Orphans newly made cry in a way that is in my experience which is in my far from limited experience quite quite different to other children because other mothered-fathered children cry toward the world as if the world might hear and act whereas orphans cry as if they were the world as if they were the world crying in the full knowledge that there is no-one and nothing to hear them but the moon which appears some months in the top left hand corner of the courtyard window and of my winter vision nothing but the moon to offer comfort and that the moon is entirely comfortless and is known in fact as a white image of total comfortlessness just as orphans are and know themselves to be a pure image of total need of motherly fatherly comfort that is not coming never coming.
To answer your question, orphaning your main character is something children’s books very often do. And, within those books, the loss of the parents is – plotwise – the liberation that permits adventure. As a child, I always found the point in a story when the parents died or gave up their children very exciting. If that hadn’t happened then, like me, the characters would have been stuck in their boring, safe, normal world. Slightly later, I went to boarding school, and experienced genuinely being sent away (only eight miles, and I did go home at weekends). Because of these associations, I felt that making the central character in an adult novel an orphan was a risky thing. They could too easily come across as objects of pity. I wanted it to be clear that Elliott feels very little pity for himself, and finds a great deal of joy in his limited world. He just wants that world to be bigger and greener. I think this might apply to other orphaned characters in the way you’re suggesting – by making them seem smaller and more vulnerable, it makes the world seem larger and more dangerous. Novelists are attracted to anything that seems to expand the space of their narratives, and give them greater emotional depth. There may also be something in it to do with the English never really getting over (or perhaps past) their childhoods.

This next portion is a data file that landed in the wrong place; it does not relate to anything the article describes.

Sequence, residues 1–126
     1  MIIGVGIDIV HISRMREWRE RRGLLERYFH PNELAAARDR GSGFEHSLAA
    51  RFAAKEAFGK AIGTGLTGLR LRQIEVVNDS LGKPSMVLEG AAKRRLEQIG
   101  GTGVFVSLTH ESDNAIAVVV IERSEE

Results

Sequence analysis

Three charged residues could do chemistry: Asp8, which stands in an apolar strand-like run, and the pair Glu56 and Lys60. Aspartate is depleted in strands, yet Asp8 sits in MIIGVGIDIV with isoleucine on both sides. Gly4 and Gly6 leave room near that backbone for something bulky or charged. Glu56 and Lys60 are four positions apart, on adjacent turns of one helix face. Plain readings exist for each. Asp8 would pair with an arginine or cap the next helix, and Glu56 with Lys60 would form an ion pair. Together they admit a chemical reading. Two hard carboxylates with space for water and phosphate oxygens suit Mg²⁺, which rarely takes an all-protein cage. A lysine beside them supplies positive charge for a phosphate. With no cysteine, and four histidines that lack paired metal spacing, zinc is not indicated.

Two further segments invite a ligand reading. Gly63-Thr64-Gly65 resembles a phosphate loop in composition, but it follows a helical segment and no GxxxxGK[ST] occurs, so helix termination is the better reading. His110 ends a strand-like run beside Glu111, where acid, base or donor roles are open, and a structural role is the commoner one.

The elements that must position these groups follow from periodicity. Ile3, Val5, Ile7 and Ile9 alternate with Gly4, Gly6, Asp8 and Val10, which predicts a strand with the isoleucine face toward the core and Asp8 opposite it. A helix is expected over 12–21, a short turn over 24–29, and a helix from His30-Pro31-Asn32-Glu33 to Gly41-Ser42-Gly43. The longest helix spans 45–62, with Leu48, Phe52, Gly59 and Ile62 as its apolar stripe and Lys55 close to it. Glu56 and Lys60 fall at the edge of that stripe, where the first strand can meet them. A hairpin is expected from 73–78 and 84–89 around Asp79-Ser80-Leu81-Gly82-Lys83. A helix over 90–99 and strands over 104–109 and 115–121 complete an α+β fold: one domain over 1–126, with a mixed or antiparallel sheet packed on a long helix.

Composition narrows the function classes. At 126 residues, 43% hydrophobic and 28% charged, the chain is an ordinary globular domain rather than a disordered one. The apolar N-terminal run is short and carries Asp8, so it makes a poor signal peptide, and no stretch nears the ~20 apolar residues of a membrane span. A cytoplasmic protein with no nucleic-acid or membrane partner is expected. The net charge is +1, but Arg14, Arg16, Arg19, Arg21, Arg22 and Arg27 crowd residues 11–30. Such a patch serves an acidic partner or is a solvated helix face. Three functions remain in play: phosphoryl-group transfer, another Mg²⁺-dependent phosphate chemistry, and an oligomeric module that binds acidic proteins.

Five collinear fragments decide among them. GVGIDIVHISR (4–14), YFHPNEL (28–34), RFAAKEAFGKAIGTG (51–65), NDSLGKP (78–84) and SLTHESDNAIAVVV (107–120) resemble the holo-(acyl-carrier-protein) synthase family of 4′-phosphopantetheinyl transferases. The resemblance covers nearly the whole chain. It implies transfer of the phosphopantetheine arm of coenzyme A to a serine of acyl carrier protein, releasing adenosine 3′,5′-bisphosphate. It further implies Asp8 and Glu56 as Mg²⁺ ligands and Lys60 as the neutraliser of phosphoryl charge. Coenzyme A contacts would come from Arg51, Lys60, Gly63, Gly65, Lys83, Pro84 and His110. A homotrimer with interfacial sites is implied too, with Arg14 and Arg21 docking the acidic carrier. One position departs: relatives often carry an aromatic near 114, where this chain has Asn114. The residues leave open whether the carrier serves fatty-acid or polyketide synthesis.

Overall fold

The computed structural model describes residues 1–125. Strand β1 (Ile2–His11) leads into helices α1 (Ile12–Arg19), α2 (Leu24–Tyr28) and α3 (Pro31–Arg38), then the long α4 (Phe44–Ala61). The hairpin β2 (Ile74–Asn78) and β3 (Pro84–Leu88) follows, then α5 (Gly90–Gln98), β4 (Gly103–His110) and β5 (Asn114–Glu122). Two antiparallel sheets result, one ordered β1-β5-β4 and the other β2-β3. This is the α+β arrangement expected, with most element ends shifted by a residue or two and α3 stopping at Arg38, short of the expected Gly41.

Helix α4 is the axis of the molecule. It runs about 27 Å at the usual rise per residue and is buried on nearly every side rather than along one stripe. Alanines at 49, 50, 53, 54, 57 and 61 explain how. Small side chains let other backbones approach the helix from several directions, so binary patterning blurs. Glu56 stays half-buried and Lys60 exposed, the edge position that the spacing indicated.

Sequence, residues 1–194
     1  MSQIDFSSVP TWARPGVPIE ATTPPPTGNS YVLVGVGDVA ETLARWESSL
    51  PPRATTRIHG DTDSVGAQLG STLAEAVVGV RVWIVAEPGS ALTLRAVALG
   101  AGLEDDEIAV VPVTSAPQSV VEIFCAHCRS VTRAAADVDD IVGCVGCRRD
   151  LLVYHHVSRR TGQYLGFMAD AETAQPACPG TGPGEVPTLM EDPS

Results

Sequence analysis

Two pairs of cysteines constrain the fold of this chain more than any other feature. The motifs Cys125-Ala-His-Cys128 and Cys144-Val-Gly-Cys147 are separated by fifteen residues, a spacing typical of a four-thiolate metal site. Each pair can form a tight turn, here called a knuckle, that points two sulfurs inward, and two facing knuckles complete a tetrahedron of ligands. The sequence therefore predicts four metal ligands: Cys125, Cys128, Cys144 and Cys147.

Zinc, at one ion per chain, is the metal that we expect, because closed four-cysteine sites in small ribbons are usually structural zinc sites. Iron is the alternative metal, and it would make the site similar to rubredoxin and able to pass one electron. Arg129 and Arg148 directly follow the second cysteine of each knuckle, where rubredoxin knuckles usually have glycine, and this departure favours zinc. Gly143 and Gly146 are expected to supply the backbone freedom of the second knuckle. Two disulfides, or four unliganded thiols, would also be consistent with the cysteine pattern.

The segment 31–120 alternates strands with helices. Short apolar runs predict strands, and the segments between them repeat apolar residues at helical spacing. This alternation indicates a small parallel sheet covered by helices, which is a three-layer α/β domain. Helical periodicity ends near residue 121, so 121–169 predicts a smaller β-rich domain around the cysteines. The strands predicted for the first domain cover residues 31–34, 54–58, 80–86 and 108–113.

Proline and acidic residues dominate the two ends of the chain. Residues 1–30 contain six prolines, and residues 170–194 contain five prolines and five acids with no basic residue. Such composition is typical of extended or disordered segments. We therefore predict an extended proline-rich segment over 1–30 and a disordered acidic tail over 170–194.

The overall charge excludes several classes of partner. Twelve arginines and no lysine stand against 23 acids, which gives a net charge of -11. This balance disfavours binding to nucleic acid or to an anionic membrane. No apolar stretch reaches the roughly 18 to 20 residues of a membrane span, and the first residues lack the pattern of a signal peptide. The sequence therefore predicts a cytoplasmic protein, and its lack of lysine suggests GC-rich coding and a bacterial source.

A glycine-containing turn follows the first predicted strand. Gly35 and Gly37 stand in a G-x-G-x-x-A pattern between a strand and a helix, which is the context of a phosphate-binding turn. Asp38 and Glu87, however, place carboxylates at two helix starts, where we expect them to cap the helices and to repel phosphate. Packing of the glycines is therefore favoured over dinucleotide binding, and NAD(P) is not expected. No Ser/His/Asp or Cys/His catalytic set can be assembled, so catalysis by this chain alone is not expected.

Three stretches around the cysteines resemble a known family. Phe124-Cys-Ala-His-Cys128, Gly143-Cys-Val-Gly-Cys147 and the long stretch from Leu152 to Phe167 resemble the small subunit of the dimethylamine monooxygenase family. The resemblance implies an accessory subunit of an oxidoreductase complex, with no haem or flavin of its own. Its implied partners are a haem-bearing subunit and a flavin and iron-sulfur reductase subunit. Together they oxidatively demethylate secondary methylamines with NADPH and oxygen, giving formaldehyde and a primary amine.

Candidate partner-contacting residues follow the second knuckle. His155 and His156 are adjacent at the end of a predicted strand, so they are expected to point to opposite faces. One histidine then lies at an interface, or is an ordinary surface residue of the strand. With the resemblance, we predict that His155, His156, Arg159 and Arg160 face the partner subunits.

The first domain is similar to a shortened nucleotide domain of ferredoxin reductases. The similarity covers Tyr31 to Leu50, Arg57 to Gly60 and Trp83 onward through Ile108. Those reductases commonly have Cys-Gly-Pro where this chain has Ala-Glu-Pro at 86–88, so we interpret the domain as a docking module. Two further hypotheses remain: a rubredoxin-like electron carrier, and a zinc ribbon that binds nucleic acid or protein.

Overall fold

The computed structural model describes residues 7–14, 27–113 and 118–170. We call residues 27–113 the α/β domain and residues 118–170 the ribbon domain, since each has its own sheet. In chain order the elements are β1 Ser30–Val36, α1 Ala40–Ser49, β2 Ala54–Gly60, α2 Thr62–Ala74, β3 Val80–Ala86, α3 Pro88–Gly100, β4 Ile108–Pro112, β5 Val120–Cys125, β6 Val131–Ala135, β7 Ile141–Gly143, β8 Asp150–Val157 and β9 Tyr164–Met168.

Yes, I completely get how the orphaning of a child character changes our expectations of jeopardy in the world around them. I feel as though our notions of the orphanage have held a particularly difficult resonance in recent years, as more of the history of institutional crimes and cruelties continue to come to light. I wonder what research you undertook to help position Patience thoughtfully within that framework. Were there any ethical challenges within the process?
There was the ethical challenge of whether to write the book at all – to speak from a position I hadn’t occupied. However, it felt as if I had a decent reason for this. The moment-by-moment experience of quadriplegic child in a Catholic Children’s Home in 1979 is, in most ways, inaccessable except through imagination. I did what research I could, particularly into Irish orphanages, but I took from those memoirs not the horrors but the structure of the day, the foods, the sense of physical texture. Elliott is treated with extreme neglect, which is terribly cruel, but he is not deliberately abused. Other children in the home die, by accident, because they aren’t being paid enough attention. I didn’t want to demonize the Catholic Sisters who look after Elliott. They are doing what they can to care for the many children in their charge, but they are so few and the children are so many and so demanding. I wanted to give the sense of how easily the horrors could take place, but that they weren’t taking place there and then.